Food Resource Characteristics in Two Nocturnal Lemurs with Different Social Behavior: Avahi occidentalis and Lepilemur edwardsi
- Cite this article as:
- Thalmann, U. International Journal of Primatology (2001) 22: 287. doi:10.1023/A:1005627732561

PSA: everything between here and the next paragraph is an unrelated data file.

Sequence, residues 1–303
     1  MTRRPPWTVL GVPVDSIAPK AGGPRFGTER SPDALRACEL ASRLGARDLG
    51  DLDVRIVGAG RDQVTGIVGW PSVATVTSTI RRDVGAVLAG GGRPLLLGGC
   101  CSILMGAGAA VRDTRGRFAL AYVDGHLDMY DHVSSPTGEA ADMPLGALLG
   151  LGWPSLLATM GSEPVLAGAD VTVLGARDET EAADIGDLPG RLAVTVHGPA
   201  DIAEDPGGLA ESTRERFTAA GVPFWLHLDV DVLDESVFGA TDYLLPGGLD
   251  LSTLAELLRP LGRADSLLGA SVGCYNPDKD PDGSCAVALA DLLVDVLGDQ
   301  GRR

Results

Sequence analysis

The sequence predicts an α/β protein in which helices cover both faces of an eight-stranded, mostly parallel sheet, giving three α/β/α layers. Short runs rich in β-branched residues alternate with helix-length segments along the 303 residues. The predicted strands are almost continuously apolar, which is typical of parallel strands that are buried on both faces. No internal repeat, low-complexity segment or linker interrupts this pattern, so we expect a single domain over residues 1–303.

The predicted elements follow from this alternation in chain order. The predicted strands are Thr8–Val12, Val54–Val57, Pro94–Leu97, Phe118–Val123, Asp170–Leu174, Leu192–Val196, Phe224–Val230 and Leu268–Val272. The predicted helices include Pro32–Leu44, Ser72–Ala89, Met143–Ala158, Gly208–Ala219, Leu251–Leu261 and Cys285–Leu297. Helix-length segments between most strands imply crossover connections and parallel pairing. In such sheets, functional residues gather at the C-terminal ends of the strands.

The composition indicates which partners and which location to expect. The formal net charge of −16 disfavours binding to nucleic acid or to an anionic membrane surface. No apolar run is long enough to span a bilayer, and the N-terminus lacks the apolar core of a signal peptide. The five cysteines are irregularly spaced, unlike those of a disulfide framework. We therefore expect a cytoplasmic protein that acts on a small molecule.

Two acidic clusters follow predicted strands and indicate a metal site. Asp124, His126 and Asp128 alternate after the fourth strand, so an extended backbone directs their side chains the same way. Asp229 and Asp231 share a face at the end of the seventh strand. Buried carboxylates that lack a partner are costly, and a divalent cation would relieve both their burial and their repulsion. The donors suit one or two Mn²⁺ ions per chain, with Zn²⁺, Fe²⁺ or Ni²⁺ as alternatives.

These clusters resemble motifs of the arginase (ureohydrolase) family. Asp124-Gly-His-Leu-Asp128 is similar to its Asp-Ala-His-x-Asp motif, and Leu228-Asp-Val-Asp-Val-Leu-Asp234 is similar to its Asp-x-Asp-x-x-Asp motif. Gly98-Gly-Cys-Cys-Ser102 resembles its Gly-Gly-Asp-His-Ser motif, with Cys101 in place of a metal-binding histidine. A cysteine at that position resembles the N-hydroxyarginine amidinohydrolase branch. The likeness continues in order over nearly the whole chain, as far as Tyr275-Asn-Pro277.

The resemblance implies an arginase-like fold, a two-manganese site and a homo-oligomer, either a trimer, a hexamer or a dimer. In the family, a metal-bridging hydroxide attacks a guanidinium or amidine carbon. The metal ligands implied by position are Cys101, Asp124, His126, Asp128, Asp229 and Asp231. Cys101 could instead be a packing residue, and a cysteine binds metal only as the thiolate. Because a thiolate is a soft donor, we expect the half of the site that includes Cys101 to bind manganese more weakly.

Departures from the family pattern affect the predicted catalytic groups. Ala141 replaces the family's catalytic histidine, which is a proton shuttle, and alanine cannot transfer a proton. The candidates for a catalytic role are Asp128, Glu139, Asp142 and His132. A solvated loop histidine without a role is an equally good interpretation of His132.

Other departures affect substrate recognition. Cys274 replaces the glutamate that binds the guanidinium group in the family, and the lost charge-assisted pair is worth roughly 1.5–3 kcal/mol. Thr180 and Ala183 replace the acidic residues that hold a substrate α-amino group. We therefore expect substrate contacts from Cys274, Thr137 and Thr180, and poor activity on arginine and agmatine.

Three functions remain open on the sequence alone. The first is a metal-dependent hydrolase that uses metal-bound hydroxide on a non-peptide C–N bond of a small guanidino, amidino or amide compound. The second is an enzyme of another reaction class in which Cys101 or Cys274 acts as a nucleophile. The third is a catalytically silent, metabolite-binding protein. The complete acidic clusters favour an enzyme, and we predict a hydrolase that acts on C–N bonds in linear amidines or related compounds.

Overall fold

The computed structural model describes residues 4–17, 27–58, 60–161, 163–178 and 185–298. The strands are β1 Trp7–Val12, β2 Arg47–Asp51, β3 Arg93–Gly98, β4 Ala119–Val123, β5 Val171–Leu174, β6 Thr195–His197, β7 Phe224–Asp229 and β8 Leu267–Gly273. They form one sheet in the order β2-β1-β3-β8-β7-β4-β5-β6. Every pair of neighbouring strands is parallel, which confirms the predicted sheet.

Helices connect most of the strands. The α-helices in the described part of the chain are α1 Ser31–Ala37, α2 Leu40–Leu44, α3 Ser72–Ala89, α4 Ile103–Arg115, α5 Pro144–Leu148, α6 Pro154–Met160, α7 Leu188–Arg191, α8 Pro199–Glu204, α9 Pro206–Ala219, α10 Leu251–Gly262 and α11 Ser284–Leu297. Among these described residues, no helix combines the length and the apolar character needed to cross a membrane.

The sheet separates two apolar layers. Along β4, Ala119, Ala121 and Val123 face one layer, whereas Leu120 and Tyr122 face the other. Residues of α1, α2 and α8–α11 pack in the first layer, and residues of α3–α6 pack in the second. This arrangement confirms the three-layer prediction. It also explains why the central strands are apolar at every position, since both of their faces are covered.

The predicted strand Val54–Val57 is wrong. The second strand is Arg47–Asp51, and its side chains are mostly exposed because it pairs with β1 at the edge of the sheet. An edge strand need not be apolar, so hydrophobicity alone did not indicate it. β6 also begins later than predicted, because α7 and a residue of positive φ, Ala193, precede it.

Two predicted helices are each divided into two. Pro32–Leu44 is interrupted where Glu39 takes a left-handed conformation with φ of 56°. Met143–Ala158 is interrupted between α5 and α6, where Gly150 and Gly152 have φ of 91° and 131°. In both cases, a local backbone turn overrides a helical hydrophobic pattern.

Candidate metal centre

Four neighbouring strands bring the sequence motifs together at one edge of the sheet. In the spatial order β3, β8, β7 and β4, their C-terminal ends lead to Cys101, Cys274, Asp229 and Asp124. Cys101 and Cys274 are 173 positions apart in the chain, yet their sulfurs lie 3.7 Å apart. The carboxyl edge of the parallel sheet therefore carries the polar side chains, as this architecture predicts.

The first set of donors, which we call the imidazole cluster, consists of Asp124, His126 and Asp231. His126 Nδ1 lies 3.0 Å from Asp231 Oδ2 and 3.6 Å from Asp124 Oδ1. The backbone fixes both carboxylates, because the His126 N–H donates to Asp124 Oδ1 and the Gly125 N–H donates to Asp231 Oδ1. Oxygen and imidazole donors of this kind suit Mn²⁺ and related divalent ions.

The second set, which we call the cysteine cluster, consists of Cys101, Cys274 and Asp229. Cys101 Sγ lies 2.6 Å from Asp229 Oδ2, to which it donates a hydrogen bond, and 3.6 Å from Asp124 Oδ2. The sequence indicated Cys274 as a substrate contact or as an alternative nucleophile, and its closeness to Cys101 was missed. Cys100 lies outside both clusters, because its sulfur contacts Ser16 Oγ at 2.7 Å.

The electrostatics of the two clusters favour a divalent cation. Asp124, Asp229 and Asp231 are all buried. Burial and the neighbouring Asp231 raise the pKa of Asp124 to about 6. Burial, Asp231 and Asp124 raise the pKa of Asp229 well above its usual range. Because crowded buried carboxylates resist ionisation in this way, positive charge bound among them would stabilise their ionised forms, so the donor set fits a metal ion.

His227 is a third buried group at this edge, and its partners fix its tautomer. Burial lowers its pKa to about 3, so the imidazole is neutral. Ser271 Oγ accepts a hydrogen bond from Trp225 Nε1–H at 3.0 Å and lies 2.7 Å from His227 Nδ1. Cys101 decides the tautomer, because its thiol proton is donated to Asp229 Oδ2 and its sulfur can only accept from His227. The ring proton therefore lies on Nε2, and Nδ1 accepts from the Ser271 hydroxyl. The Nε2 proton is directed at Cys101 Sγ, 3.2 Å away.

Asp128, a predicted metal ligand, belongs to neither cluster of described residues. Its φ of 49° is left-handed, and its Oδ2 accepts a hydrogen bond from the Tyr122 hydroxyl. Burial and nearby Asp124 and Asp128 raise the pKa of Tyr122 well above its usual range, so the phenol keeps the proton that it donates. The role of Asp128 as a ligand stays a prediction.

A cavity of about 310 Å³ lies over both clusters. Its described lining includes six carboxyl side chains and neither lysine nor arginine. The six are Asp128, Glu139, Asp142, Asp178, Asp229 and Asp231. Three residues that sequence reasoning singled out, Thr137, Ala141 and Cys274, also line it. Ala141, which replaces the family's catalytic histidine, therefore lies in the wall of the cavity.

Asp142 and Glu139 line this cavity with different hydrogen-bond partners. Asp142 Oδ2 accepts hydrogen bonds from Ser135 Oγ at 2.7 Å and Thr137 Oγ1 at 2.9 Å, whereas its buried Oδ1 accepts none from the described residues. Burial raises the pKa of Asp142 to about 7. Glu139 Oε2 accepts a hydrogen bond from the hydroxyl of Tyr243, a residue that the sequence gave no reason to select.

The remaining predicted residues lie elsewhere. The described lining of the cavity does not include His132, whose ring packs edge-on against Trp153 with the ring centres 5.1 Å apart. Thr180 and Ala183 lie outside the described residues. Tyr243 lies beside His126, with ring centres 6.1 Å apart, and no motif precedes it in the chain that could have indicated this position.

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I present results from a comparative field study on the feeding behavior of the gregarious Avahi occidentalis and the solitary-but-social Lepilemur edwardsi to evaluate hypotheses relating to social organization and food resources. While Avahi and Lepilemur are both nocturnal, have comparable body weights and positional behaviors, and are both folivorous, they differ in their social organization. Therefore, they present an ideal model for assessing food resource characteristics through comparisons of food selection in both species with regard to forest composition. The monogamous Avahi tend to select under-represented resources. They are repeatedly exploited, which suggests that their location must be known. It is worthwhile and probably imperative to defend those resources. Such defense imposes ranging limitations on male Avahi. Females may prefer familiar mates that will share their knowledge of resource location and defend the resources. A stable monogamous pattern could be the optimal strategy. In contrast, food selection by Lepilemur is based on common resources to a higher degree, but they show a lower degree of exploitation. Lepilemur males would be less restricted and could potentially opt for a different strategy, e.g., a dispersed harem. It is unclear whether this strategy is realized or not. I discuss other possible correlates of monogamy—infanticide protection, predation avoidance—but the gregarious pattern in Avahi may best be seen as a retention, and its nocturnal activity as a secondary adaptation.
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